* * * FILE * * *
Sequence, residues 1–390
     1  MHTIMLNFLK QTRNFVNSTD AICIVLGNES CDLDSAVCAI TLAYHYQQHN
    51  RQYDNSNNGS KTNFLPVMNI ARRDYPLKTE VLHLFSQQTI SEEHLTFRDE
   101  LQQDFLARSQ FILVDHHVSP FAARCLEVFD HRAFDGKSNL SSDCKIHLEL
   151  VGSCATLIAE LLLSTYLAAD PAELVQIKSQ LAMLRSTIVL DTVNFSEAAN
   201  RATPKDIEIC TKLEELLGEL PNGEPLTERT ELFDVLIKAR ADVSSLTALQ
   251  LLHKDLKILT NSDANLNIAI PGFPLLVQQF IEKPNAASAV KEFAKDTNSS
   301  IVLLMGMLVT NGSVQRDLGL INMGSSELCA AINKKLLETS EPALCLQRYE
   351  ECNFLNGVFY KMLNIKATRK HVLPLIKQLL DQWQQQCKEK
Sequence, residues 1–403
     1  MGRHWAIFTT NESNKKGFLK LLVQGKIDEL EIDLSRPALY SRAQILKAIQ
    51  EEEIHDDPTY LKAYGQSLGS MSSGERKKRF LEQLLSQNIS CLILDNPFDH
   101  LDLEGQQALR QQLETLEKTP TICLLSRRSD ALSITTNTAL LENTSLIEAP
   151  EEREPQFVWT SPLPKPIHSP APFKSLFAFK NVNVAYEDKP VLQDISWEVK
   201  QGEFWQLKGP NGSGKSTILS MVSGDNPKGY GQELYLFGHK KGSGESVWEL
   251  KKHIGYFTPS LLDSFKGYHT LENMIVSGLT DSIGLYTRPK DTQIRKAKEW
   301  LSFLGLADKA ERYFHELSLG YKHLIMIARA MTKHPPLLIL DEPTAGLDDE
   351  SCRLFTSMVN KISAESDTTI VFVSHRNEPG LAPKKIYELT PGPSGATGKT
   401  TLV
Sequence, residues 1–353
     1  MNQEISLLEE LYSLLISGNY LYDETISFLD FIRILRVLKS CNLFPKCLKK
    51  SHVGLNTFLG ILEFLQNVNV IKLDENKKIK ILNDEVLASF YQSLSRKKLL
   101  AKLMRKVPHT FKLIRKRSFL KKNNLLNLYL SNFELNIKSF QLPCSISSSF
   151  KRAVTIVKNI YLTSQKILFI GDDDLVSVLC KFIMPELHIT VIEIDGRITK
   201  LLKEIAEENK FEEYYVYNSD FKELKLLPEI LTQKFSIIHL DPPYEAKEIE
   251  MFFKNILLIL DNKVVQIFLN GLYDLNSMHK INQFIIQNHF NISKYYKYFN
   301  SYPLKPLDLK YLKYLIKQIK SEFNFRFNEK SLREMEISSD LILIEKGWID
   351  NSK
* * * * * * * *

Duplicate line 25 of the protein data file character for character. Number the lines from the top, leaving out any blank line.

   201  LLKEIAEENK FEEYYVYNSD FKELKLLPEI LTQKFSIIHL DPPYEAKEIE